Tips from the pros – Camera filters

Today we present a new DMS blog feature – Tips from the Pros. This feature will present simple, free (or inexpensive) easy-to-implement actions that can instantly turn the casual photographer, videographer or musician into one performing on a professional level. These tips are based on some of the regular activities and behaviors we pros use when on a shoot, edit or recording.

Today we discuss the simple camera lens filter. Whenever a member of the Digital Media Services crew purchases a new camera or lens, one of the first accessories we purchase is a set of basic lens filters. In fact, we generally include at least a protective lens filter as part of the purchase of any new camera. A protective lens filter is an inexpensive clear lens cover that is usually attached to a camera lens by screwing it on to the threaded end of the barrel. Small, inexpensive point-and-shoot cameras that feature lenses that retract into the camera generally don’t offer the option of a threaded lens. Digital SLRs and point-and-shoots with larger lenses almost always offer threaded lenses.

Tiffen Filter Set

The protective lens filter, first and foremost, protects your actual glass lens from getting scratched, dirty, wet, blurred by fingerprints or otherwise damaged or rendered incapable of capturing a clean, clear image. A protective lens filter can be had for as little as $5, yet they can save you hundreds when (not if) something damaging ever comes into contact with your camera lens.

Shooting in the woods and a tree branch swipes across your lens? Your protective lens filter saves the day. Taking photos at the beach and someone slings wet sand at your camera? Yup – the protective filter is there for you. Capturing video footage of your kid’s soccer game and some overly-excited parent knocks the camera out of your hands? At least your lens is safe. And after your protective lens filter absorbs the damage, throw it away and replace it without a second thought.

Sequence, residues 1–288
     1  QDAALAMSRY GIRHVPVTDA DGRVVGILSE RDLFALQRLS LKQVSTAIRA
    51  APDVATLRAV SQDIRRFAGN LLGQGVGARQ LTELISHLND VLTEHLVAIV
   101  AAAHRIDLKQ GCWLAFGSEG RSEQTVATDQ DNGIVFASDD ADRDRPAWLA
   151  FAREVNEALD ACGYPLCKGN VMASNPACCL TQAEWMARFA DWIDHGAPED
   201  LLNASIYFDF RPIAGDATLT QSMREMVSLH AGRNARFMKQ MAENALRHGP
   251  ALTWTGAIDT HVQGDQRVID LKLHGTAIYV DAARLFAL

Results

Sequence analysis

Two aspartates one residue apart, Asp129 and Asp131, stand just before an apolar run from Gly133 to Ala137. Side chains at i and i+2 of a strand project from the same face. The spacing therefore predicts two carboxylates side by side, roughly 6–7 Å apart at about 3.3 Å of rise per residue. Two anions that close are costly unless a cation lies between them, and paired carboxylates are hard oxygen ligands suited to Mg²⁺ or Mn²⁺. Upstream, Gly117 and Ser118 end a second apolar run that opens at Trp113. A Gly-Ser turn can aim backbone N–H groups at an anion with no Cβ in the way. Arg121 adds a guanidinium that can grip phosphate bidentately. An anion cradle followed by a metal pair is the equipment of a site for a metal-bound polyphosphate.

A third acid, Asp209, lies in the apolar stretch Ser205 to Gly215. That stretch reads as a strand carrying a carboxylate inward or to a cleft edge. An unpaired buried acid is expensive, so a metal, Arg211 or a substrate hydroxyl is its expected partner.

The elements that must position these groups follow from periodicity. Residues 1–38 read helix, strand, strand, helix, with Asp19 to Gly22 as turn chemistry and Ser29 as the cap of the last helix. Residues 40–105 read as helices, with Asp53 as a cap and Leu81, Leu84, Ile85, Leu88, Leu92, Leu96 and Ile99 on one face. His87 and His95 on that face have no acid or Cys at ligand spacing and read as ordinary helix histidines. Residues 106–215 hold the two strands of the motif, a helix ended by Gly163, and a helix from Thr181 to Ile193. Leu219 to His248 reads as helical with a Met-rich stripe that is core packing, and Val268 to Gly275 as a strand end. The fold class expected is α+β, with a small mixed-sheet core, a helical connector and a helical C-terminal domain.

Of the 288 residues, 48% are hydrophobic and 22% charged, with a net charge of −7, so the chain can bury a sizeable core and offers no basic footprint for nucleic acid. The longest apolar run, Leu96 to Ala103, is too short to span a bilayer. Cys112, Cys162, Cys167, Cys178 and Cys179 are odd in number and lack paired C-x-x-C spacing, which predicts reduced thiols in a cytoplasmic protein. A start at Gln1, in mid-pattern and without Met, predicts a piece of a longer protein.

Cracked Lens Filter

Cracked lens filter saved the day

For those who want to think a little more creatively, additional lens filters are available for a myriad of purposes. A ultraviolet filter can help reflect UV rays and provide more clarity and color to your photos. Many photographers and videographers use a UV filter as their full-time protective lens filter because they like the enhancement it offers for all of their photos and videos. A polarizing filter is one that reflects variable angles of light which can eliminate reflections and glares. A polarizer is great for shooting through water and glass and for shooting reflective surfaces. There are litterally hundreds of different types, brands, sizes and qualities of camera lens filters. We’ll talk more about other types of creative filters in a future post.

Tiffen Filter Kit

Tiffen Filter Kit

As far as purchasing a lens filter, you simply need to know the diameter of your lens (usually given in millimeters), which can be found in your camera’s documentation or often inscribed right on your lens, and whether or not your lens accepts screw-on type lens filters. For instance, the Nikon D3000 is a popular DSLR camera that accepts any 52mm lens filter accessory. The Panasonic Lumix DMC-FZ35 is a popular point-and-shoot camera that offers an optional lens filter accessory for adding 55mm lens filters. And it works the same for video cameras. The Canon VIXIA HF21 HD camcorder accepts 37mm screw-on lens filters. You can buy a filter set for the Canon that includes a UV protective filter, a polarizing filter and a warming filter for $50. I frequently purchase Tiffen filters and frequently purchase from B&H Photo-Video-Pro Audio but there are many photo and video retailers offering lens filters.